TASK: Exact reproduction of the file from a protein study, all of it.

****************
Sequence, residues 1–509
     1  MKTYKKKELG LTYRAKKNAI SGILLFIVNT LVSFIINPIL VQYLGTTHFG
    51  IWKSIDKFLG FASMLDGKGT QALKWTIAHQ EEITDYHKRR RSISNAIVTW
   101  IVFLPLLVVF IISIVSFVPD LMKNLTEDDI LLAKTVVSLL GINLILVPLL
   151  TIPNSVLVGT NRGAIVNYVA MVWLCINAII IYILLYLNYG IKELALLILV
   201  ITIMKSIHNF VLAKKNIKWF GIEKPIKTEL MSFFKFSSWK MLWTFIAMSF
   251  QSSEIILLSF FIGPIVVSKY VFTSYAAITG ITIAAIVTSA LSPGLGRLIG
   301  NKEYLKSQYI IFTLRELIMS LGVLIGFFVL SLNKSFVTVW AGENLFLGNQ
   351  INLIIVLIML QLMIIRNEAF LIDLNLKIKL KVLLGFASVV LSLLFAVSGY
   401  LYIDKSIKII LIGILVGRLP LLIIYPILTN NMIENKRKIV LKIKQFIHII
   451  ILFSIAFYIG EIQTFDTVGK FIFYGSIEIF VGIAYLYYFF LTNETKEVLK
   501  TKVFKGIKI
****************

Sequence, residues 1–509
     1  MKTYKKKELG LTYRAKKNAI SGILLFIVNT LVSFIINPIL VQYLGTTHFG
    51  IWKSIDKFLG FASMLDGKGT QALKWTIAHQ EEITDYHKRR RSISNAIVTW
   101  IVFLPLLVVF IISIVSFVPD LMKNLTEDDI LLAKTVVSLL GINLILVPLL
   151  TIPNSVLVGT NRGAIVNYVA MVWLCINAII IYILLYLNYG IKELALLILV
   201  ITIMKSIHNF VLAKKNIKWF GIEKPIKTEL MSFFKFSSWK MLWTFIAMSF
   251  QSSEIILLSF FIGPIVVSKY VFTSYAAITG ITIAAIVTSA LSPGLGRLIG
   301  NKEYLKSQYI IFTLRELIMS LGVLIGFFVL SLNKSFVTVW AGENLFLGNQ
   351  INLIIVLIML QLMIIRNEAF LIDLNLKIKL KVLLGFASVV LSLLFAVSGY
   401  LYIDKSIKII LIGILVGRLP LLIIYPILTN NMIENKRKIV LKIKQFIHII
   451  ILFSIAFYIG EIQTFDTVGK FIFYGSIEIF VGIAYLYYFF LTNETKEVLK
   501  TKVFKGIKI